Originally Posted by Bobby_M
The weirdest thing is that I kept meaning to post a request for MLT sparge ring/ RIMS return method examples. The requirements I have are height adjustability for various grainbed heights and it being able to deal with particulates and not get clogged. I want it to be installed while mashing obviously and need it to be easily removable.
What I eventually came up with (in my head so far) is to put a weldless bulkhead in just under the top skirt of the keg and put a male QD on both the inside and outside. The female QD on the inside would be an elbow with hose barb and I'd put about 3' of silicone tubing on there. The tubing would have a bunch of 1/2" long slits cut all down the length and the end would be plugged.
That is vaguely like mine, but I think your's sounds a bit better.
I drilled a hole through the top skirt of my MLT and put a copper tube through it. On the out side is a male QD, and on the inside is a three-way valve. One output of the valve routes to a fixed copper ring manifold that I installed just under the curved upper rim of the 12 inch diameter opening in the top of the keg. The copper recirculation return ring has 9/64ths inch holes drilled in it every inch or so.
The other output of the 3-way valve goes to a short length of pipe that terminates in a 1/2 inch hose barb. I connect a short length of silicone hose to the barb, then to a similar barb mounted via a compression fitting to the top of one of those stainless rotating sparge arms that I mounted through the middle of my MLT lid. I cut a window in my MLT lid so I can monitor flow and water level for either the recirculation return manifold or the sparge arm.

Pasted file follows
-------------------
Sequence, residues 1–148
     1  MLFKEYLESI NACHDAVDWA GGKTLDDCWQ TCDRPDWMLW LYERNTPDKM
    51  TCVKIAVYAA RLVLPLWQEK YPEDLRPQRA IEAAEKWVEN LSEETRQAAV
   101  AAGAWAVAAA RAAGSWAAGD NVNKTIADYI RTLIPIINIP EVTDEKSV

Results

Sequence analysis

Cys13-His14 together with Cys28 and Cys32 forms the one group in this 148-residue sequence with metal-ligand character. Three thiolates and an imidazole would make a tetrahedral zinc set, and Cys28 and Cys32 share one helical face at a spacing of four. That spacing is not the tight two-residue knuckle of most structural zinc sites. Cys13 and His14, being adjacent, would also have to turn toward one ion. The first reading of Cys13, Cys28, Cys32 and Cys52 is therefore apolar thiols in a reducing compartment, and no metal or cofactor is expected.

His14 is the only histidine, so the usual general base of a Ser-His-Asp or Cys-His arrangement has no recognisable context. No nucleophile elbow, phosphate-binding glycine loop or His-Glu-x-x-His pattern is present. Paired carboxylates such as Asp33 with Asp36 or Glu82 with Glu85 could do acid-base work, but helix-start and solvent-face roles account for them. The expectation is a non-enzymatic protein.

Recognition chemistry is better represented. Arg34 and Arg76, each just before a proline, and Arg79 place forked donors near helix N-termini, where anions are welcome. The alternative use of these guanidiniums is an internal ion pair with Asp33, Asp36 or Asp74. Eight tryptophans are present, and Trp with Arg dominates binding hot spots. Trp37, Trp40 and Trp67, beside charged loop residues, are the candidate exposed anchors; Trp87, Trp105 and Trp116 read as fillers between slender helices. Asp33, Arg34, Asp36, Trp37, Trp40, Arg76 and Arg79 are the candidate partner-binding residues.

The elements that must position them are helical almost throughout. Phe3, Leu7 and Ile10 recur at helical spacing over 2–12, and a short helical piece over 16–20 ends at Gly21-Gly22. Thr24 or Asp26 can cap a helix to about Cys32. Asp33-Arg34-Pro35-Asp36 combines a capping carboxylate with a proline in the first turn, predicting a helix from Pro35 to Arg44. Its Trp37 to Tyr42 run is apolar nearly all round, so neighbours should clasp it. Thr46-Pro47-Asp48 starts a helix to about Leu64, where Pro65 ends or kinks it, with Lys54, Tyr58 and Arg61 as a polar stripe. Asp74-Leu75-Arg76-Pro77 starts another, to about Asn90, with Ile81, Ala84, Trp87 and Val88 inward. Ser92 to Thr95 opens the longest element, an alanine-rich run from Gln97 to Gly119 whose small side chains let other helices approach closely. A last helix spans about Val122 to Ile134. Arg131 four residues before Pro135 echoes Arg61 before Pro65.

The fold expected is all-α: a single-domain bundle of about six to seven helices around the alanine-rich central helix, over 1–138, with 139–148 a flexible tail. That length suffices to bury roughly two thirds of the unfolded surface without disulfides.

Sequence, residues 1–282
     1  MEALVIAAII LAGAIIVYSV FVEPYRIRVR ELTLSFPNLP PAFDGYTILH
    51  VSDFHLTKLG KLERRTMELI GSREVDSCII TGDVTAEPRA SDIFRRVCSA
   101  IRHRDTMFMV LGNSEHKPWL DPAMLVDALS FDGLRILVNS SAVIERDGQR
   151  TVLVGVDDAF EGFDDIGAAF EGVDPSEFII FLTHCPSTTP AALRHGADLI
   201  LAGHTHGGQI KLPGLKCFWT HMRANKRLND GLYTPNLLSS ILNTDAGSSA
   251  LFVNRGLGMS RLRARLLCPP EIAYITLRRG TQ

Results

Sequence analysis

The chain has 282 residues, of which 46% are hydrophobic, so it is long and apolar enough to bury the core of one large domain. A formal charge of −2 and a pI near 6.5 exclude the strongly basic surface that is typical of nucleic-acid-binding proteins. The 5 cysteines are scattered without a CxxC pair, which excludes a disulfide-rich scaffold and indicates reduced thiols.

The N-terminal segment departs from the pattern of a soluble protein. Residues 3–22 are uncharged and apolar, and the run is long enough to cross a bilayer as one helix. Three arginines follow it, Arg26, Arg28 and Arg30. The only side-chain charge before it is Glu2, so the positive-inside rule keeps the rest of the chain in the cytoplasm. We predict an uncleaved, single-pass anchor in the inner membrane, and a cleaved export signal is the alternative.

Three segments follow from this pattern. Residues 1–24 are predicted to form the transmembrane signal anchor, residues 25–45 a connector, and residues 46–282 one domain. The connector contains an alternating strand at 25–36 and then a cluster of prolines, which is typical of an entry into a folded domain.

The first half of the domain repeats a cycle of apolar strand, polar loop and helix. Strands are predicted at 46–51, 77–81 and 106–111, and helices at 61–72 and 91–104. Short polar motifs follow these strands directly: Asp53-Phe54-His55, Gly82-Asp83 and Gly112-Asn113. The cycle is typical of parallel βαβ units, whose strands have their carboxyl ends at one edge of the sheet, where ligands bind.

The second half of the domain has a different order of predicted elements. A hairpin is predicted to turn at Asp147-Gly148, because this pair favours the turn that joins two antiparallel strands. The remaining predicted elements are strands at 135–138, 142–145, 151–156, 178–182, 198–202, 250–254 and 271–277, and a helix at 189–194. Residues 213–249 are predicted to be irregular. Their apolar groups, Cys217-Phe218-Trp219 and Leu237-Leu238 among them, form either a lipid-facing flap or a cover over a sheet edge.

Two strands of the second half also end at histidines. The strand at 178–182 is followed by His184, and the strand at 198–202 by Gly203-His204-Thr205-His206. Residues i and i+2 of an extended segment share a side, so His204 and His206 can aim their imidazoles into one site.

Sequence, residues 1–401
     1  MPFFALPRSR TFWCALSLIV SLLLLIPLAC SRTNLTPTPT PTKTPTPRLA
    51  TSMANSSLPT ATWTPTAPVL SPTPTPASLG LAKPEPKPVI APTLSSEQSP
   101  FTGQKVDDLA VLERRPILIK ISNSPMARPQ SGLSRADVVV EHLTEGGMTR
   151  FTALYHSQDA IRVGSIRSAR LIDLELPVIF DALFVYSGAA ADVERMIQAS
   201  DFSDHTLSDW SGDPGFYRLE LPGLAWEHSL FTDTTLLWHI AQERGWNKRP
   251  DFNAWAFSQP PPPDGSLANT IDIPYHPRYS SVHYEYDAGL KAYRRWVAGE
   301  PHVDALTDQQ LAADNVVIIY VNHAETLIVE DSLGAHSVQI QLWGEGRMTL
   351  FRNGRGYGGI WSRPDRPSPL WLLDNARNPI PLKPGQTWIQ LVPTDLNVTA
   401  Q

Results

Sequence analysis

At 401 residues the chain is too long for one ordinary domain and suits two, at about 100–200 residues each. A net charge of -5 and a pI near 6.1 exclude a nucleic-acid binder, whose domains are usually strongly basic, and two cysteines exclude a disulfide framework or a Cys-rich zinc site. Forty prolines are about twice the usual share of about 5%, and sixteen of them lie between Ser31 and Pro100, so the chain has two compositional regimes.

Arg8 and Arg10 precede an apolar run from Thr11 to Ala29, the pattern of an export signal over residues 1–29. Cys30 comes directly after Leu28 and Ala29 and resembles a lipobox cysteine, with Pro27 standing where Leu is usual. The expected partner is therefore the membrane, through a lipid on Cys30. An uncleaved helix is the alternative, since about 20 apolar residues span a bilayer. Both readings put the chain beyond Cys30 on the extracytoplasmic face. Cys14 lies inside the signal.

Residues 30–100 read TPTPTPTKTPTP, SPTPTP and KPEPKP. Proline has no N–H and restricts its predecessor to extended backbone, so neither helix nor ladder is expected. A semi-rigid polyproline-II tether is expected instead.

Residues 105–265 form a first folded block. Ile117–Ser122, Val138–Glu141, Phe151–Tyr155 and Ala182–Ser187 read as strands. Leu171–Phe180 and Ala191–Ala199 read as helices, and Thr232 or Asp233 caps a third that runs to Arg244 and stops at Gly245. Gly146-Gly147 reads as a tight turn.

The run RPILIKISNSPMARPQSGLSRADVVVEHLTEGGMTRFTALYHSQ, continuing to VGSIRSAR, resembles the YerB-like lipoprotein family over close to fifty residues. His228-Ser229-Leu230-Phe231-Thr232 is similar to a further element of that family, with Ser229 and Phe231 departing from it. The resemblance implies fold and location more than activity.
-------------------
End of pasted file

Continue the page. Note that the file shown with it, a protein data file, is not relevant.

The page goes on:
I used it for the first time this past weekend and I learned some things. First, my sparge arm has about 7 inches of height adjustment, but it doesn't really need it. The sparge water is so fine coming out of it that it doesn't disturb the grain no matter how far it falls, especially since I kept 1 to 2 inch of water above the grain. Second, my fixed copper manifold goes all the way around the keg just under the top opening. I could go six or eight inches and it would do as well at the low recirculation flow rates I'm using. I didn't notice any significant grain bed disturbance caused by the fixed recirculation manifold, even though it is a fair distance above the grain. The 9/64th holes I drilled are a little small. Grain that got through my false bottom tended to clog them. I need to drill them out to 5/32nd or turn them into slits instead of holes, and maybe shore up my false bottom. It seems like a lot of grain was getting through.